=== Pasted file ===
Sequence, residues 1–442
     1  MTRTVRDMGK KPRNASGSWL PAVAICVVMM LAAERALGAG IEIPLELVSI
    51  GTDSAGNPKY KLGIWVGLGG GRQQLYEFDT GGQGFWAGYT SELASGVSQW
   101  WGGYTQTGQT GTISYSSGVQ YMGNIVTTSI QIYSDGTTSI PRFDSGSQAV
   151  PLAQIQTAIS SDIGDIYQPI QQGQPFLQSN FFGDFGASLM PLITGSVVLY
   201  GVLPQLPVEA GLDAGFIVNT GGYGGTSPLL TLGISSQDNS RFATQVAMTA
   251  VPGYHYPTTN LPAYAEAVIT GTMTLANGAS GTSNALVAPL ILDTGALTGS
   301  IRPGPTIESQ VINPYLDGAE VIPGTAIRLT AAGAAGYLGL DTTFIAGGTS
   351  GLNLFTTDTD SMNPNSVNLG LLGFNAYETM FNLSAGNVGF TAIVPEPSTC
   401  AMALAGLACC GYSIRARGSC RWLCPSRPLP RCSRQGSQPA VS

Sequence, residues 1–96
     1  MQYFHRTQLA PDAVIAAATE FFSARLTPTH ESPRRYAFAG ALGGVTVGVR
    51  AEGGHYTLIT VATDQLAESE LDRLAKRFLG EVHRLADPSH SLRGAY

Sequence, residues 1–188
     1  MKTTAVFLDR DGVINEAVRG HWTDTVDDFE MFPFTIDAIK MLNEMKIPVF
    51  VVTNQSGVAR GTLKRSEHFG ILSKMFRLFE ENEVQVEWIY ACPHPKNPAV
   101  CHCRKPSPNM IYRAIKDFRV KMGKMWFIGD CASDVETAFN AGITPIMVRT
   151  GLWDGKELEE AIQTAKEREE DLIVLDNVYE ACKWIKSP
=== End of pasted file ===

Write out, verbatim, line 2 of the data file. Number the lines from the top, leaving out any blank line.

     1  MTRTVRDMGK KPRNASGSWL PAVAICVVMM LAAERALGAG IEIPLELVSI